Matt Spaccarelli took AT&T to small claims court when it started throttling data for his iPhone, and he's come out with an $850 ruling in his favor, AP reports. Spaccarelli's data speeds were reportedly abated by AT&T after reaching between 1.5GB and 2GB of data usage in certain months, despite the fact that he was on a grandfathered unlimited data plan. AP says that the presiding judge found that it was unfair for AT&T to slow down Spaccarelli's data after selling him an "unlimited" plan, and that AT&T buried the throttling terms in his contract.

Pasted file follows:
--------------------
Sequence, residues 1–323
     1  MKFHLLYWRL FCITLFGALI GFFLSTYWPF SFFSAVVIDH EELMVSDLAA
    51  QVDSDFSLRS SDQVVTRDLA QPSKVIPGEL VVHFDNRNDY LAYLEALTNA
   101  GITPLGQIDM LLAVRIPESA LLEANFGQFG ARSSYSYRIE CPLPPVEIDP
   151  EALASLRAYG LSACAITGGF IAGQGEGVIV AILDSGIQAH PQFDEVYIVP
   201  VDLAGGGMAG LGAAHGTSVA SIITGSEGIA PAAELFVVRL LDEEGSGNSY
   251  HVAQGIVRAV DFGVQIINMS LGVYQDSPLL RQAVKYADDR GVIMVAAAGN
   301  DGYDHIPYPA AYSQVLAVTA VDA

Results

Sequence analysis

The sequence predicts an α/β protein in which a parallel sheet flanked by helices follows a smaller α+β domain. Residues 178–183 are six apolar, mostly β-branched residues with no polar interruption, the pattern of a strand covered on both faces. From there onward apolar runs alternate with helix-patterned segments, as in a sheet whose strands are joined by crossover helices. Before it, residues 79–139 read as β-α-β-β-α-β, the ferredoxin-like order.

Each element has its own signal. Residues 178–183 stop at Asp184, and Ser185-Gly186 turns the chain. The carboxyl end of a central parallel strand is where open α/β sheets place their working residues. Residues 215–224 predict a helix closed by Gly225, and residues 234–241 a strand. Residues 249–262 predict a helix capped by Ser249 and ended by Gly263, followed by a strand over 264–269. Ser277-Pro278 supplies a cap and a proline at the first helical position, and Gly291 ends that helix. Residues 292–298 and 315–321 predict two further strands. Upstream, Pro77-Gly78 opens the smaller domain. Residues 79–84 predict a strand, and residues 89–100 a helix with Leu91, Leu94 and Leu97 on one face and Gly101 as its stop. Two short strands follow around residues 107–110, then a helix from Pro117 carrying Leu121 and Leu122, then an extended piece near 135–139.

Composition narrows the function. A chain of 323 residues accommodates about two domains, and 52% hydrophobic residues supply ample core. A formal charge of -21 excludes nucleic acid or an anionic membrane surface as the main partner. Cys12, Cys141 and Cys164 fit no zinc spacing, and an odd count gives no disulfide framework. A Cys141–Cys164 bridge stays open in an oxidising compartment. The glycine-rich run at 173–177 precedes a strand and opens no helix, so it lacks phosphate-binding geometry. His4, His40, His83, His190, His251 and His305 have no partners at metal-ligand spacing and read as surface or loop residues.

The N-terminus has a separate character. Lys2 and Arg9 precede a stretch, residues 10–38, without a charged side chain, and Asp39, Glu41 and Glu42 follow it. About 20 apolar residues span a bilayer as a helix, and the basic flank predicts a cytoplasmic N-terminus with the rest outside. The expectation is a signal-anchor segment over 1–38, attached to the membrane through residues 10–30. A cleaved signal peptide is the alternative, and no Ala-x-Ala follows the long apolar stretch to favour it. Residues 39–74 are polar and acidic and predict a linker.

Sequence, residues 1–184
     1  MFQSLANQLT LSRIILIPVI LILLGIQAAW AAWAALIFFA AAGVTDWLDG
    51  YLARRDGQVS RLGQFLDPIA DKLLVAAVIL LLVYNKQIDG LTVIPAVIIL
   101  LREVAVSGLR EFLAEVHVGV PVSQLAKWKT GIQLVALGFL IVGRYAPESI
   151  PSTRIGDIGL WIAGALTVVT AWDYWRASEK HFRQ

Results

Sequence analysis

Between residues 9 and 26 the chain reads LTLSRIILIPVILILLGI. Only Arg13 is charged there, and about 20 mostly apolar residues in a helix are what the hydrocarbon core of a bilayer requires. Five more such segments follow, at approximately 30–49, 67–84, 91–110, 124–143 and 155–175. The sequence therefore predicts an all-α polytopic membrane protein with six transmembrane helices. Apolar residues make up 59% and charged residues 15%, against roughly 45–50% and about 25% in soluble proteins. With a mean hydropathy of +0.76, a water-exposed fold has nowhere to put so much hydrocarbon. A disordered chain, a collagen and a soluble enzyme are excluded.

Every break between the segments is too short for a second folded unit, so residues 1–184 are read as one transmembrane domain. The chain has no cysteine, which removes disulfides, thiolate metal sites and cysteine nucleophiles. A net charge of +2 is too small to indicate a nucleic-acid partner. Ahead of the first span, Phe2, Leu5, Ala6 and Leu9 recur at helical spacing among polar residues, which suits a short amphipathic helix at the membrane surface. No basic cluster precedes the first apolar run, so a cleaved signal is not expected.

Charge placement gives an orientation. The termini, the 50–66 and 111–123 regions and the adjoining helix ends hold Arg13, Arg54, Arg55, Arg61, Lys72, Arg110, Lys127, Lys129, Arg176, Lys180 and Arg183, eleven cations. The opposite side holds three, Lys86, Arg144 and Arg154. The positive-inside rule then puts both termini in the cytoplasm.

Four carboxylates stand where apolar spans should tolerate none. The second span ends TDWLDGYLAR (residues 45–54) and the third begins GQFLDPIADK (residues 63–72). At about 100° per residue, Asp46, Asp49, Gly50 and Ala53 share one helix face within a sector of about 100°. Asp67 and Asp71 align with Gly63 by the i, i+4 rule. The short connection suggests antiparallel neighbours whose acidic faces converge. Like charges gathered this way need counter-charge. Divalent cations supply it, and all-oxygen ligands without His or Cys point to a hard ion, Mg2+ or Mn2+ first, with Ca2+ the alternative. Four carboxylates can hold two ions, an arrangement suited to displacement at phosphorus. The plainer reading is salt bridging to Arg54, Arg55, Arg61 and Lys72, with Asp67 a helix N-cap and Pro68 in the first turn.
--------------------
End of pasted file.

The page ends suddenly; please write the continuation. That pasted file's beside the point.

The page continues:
But the ruling doesn't necessarily mean that widespread legal troubles are on the way for the wireless Goliath. Last year, the Supreme Court ruled that AT&T can block class-action suits that stem from disputes with customers and instead force them into binding arbitration, which means that AT&T's aggrieved unlimited customers can only resort to arbitration or small claims proceedings. AP says that Spaccarelli researched his case for months, and then spent three days compiling a binder of documents for court — something that may be prohibitively time consuming for all but the most principled customers. He tells AP that "I need the money, but for me, this case is not about money at all. You don't tell somebody 'you have unlimited' and then cut them off." The courts may agree, but they'll have to do so for one customer at a time.